Ecuador is the latest Latin American nation whose voters are looking to change their political path. On Sunday, February 19, they narrowly denied the ruling presidential candidate a victory in the first round of voting, going to the streets for several days to defend the vote and ensure that the government-dominated electoral commission could not successfully prevent a run-off. A second round will now be held on April 2, pitting Lenin Moreno, the hand-selected candidate of outgoing populist president Rafael Correa, against Guillermo Lasso, a banker from Ecuador’s business center Guayaquil. Although Moreno won the first round handily, the pendulum could now shift toward support for Lasso to the extent the previously-divided opposition consolidates its support. Early indications are that this will in fact occur.
For the past 18 months, voters in every Latin American nation where they have had an opportunity to do so, have voted for change—from Argentina to Peru to Venezuela. The only exceptions have been Nicaragua, where the election results were essentially pre-determined by the government, and the Dominican Republic. The palpable desire for change was also behind the removal from office of the president of Brazil, although that was done via the impeachment process and not through the ballot box.
What’s going on? Very simply, the easy money has run out as commodities markets softened and economies slowed to a crawl, in several instances slipping into grinding, multi-year recession. Populist leaders elected across the region instituted spending and debt accumulation policies that have proven to be unsustainable. Meanwhile, governments seduced by high commodities prices and growing economies felt little need or desire to either save a portion of the national wealth or to make political and economic reforms designed to diversify and strengthen economic growth for the inevitable downturn. As economic uncertainty increases, voters are less willing to excuse populist excesses, including creeping authoritarian governance and growing, even massive, corruption. As interest rates rise in the United States and the dollar appreciates, making dollar denominated debt more difficult to service, emerging market nations which have not already taken macro-prudential measures could bear significant adjustment costs.
This is the scenario facing Ecuador right now. President Correa has been in office for 10 years but, as he is prevented from running for re-election, put forward former Vice President Moreno as the standard-bearer of correismo. In other words, Moreno promises to pursue the decade-long path laid down by Correa, and in fact has promised to increase spending on social programs and further increase Ecuador’s debt load to do so. At the same time, as a previous member of the Correa government, popular rejection of government corruption and the natural desire for a change in political scenery after a decade of continuity is weighing on his support. For his part, Lasso has promised to seek additional direct foreign investment by improving the investment climate, diversify and open the economy to increased global contact, reduce corruption, and seek a debt relief package from the IMF.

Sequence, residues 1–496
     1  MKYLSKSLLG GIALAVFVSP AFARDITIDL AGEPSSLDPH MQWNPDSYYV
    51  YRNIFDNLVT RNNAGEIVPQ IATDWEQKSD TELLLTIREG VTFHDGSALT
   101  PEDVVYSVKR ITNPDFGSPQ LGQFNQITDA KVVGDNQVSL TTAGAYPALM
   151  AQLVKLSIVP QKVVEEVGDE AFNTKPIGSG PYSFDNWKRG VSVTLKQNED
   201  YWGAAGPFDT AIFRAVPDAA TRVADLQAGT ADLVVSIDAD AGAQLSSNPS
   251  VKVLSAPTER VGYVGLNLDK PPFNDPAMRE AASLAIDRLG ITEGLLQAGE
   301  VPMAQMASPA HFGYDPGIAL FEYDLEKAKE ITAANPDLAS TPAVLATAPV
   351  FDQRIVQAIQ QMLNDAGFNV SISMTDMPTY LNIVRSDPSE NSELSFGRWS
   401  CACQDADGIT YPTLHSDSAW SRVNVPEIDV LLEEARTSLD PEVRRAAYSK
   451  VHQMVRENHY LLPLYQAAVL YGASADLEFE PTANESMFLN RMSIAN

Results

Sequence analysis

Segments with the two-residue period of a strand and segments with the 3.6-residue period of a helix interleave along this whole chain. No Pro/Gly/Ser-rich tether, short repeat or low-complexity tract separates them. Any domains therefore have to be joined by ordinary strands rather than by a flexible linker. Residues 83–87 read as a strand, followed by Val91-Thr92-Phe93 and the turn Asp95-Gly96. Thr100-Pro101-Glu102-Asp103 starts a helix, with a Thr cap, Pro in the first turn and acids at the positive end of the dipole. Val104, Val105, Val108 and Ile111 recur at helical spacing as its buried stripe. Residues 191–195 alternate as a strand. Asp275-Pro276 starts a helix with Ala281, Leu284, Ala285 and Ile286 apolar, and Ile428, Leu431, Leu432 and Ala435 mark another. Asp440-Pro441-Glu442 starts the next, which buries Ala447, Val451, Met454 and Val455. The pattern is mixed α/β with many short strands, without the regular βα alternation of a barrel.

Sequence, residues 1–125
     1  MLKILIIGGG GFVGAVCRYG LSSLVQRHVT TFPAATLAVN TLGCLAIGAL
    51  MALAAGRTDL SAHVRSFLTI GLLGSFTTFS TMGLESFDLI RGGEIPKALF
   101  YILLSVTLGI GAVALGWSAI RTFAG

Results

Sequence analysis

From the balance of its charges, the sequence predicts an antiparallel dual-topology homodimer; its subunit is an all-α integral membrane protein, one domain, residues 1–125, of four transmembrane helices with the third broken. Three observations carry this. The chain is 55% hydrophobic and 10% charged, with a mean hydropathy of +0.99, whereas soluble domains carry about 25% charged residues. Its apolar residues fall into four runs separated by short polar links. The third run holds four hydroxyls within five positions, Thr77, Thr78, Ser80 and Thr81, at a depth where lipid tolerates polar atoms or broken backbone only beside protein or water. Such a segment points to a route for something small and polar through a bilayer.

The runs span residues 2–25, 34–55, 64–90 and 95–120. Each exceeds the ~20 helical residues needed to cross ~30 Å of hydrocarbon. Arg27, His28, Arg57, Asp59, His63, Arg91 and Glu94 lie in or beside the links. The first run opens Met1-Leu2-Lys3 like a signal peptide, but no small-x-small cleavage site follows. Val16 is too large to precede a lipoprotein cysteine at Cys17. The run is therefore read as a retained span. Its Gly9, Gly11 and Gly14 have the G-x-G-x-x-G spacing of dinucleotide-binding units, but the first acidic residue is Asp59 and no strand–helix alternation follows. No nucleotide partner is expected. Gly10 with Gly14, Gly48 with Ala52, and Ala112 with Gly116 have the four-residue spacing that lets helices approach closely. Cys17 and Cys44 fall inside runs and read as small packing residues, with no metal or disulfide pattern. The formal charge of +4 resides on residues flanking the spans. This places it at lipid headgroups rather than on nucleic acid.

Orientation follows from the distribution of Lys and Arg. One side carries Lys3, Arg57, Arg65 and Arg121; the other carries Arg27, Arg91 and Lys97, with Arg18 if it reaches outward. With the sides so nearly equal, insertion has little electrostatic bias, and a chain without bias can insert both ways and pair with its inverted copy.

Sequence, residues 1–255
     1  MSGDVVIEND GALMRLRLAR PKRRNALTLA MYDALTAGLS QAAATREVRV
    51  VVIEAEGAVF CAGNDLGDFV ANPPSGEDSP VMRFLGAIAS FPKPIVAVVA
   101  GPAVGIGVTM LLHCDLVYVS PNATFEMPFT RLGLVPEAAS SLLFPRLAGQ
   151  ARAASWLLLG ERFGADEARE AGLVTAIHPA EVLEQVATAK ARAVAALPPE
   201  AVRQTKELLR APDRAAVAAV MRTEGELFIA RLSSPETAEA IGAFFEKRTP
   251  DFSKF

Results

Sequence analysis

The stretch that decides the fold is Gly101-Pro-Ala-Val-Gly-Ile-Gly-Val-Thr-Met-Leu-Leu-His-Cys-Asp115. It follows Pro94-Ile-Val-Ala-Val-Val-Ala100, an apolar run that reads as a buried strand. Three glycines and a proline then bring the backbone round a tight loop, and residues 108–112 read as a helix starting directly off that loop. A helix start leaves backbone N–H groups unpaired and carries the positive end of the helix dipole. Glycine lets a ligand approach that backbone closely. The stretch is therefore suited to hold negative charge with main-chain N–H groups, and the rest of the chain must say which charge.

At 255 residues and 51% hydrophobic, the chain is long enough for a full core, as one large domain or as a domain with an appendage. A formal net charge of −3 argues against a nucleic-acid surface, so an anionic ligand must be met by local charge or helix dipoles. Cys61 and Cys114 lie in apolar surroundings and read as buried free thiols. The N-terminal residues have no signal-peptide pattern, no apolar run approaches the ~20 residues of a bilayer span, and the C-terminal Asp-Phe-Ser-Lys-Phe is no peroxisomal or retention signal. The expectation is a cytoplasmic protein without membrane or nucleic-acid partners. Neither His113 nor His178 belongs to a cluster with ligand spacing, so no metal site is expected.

Both candidates also sharply differ in another important if primarily symbolic matter: Moreno supports the continued ability of Julian Assange to remain at the embassy in London, while Lasso has indicated publicly that he will ask Mr. Assange to depart.
The people of Ecuador will be choosing the fundamental direction of their nation on April 2, and they have a distinct choice. And the choice they make will also impact Ecuador’s relations with its neighbors and also international partners including China and the United States. For example, Correa has actively sought Chinese investment in Ecuador and, when President Xi traveled to Quito in November 2016, consummated a bilateral “strategic alliance.” Much of Ecuador’s oil sector, for example, is now dominated by Chinese interests. Moreno, likely, would continue such an approach, looking first to Beijing for additional investment as well as support for debt renegotiation. Lasso has explicitly called for a renewal of closer ties with Washington, and to look to the United States for the direct foreign investment he seeks and for support with international financial institutions on debt and economic support.
Equally importantly, Ecuador has fallen dramatically behind its neighbor nations in the Pacific Alliance—Colombia, Chile, Peru, and Mexico—despite being geographically an attractive, and logical, choice for membership. To the extent that the Pacific Alliance is becoming the most important vehicle for regional economic integration in the Americas with the demise of the Trans Pacific Partnership, a focus by Quito on economic reform and renewed regional engagement based on market principles would make the nation a more attractive potential partner over the medium term. There is little likelihood that membership in the Pacific Alliance would be possible with Lenin Moreno as president; with a concerted effort at reform, it becomes a conceivable though uncertain possibility under Guillermo Lasso.
Except for the devastating earthquake in 2016, Ecuador has not recently been in the headlines prior to the recent elections. As the people exercise their right to vote on April 2 and have the opportunity to restore the country to a more sustainable economic footing with strong democratic protections, the country may become the latest whose voters have cast off populism for pragmatism. The course that they decide will have profound implications for the nation, for its relations with its neighbors, and for trade and investment partners around the world.